Decals of hawks, for instance, placed on the exterior of the window aren’t particularly effective, but strips of tape placed a few inches apart to break up the reflection will usually do the trick. I’ve even used soap to draw closely-spaced lines on the outside of the window, and it worked well in a pinch when a large flock of birds spent a few days eating berries in my front crabapple tree and were colliding with the glass. The soap washed away in the next rainstorm. Window screens are perhaps the best idea, since birds that still try to fly through will bounce off.
This year I’m trying a new product from a company called Feather Friendly Technologies – easily applied opaque dots spaced two inches apart that are hardly noticeable when I look out the window but that have seemingly ended my bird/window collision problem. I’m planning to give the product as Christmas gifts this year to my bird-loving friends. It’s the least we can do for the backyard birds that provide us with so much entertainment and enjoyment.

This article first appeared in the Independent on November 17, 2019

Monday, October 28, 2019

Our forests are transforming right before us

Just before the leaves started to turn color and drop to the ground, I wandered around the woods in my backyard and saw something I hadn’t seen in many years. Sunlight was streaming through the canopy and creating large bright patches on the forest floor. What had once been completely shaded during the growing season was no longer as I remembered.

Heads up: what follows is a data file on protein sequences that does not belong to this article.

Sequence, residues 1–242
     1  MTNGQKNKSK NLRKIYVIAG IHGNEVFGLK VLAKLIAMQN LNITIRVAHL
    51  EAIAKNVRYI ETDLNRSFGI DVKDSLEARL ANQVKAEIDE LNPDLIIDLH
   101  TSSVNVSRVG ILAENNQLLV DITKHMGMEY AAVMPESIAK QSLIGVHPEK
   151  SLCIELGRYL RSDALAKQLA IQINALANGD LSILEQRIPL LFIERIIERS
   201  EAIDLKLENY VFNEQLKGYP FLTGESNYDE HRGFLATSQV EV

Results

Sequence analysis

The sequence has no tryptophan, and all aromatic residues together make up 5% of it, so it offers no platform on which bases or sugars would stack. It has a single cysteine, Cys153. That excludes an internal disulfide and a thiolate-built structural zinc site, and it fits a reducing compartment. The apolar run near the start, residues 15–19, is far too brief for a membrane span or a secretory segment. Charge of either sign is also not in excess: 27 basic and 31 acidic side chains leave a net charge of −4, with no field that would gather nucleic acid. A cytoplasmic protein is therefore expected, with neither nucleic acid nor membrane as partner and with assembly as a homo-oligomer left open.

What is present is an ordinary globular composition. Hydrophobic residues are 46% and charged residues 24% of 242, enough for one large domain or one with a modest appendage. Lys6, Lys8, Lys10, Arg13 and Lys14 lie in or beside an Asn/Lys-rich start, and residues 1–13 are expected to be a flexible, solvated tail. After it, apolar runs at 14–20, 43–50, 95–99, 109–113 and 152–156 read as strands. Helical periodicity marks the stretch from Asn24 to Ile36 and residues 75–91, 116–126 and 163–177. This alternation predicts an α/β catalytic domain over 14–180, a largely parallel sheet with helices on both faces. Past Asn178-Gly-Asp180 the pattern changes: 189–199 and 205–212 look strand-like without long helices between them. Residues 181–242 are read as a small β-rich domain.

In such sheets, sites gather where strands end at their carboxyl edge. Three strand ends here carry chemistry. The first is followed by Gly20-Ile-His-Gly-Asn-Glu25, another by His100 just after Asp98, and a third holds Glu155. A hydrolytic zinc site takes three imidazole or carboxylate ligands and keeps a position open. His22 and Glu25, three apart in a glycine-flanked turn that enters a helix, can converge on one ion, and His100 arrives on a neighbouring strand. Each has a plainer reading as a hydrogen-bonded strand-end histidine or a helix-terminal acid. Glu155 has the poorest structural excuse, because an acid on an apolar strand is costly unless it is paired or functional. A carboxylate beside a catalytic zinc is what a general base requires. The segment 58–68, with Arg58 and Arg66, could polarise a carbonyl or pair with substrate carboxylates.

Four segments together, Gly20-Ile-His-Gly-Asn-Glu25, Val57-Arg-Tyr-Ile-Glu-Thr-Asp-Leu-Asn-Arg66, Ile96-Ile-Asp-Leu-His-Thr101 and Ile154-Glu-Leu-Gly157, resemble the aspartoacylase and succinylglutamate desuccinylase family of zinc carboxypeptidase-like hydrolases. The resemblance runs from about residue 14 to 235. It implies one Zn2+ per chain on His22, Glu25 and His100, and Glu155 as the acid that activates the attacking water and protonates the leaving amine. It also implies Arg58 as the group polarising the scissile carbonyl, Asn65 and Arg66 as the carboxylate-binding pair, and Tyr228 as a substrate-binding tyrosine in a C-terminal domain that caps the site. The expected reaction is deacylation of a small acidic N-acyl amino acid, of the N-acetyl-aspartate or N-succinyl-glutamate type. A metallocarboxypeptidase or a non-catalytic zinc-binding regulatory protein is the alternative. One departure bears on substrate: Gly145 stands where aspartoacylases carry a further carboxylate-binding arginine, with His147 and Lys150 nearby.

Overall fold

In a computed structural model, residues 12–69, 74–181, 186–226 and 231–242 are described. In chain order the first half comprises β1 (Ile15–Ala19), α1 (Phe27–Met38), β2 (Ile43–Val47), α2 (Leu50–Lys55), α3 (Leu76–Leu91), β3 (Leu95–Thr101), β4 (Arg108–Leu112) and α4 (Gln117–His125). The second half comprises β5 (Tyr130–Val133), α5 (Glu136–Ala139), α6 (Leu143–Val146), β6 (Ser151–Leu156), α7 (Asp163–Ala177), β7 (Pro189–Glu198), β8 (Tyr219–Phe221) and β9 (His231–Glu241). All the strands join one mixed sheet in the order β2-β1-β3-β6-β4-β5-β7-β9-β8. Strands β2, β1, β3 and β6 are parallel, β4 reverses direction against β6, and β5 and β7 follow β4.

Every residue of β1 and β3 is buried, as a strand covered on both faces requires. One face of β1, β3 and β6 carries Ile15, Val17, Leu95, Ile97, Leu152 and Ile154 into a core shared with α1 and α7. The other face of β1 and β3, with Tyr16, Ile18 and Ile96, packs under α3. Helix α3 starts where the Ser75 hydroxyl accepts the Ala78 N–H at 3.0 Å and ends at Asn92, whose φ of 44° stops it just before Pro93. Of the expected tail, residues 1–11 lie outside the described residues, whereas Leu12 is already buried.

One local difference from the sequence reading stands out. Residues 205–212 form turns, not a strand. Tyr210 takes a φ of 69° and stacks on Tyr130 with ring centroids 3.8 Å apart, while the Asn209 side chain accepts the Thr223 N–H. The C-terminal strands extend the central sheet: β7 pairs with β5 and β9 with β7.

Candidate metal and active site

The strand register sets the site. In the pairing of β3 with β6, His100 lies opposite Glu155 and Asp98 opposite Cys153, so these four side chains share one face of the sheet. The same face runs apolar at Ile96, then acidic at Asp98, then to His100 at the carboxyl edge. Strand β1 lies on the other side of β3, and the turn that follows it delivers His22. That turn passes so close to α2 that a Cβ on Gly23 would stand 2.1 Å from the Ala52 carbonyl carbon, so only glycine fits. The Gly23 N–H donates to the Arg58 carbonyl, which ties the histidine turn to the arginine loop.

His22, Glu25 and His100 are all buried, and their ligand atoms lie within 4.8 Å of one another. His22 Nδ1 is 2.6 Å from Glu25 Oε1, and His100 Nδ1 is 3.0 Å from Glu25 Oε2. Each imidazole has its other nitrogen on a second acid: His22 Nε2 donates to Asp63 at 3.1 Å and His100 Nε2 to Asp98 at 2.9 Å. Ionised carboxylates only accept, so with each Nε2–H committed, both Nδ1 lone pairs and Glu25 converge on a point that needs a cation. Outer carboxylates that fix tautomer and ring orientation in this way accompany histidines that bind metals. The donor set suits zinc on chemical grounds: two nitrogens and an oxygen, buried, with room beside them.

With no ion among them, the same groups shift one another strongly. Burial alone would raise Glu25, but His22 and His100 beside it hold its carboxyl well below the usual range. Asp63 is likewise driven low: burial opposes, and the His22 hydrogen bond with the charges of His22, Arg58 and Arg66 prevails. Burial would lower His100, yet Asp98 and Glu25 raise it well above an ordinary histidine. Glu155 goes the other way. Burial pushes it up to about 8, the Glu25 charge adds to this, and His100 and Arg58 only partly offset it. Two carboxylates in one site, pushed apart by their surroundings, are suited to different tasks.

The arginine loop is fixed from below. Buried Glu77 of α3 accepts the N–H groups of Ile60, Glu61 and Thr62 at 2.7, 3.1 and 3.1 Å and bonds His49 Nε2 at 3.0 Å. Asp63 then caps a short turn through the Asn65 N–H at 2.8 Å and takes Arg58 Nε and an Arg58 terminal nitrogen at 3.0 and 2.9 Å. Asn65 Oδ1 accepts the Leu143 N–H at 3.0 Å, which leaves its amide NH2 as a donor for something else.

So I investigated each site, worried that someone had illegally cut down some of the trees on my property. I shouldn’t have been concerned, because what I found was completely
natural. It’s a process that foresters and biologists call succession, and it’s been happening here and in every forest everywhere since the first forests grew. Trees die – whether from disease, age, storms or from beavers or humans cutting them down – and when that happens, sunlight penetrates the forest floor again and new growth emerges.
            In the new patches of sunlight, I found waist-high shrubs of sweet pepperbush, spicebush and mountain laurel where only ferns and mushrooms had previously grown. The sunlight had allowed such rapid growth of new plants that the abundant deer in the area, which had suppressed the growth of so many understory plants, hadn’t been able to keep up.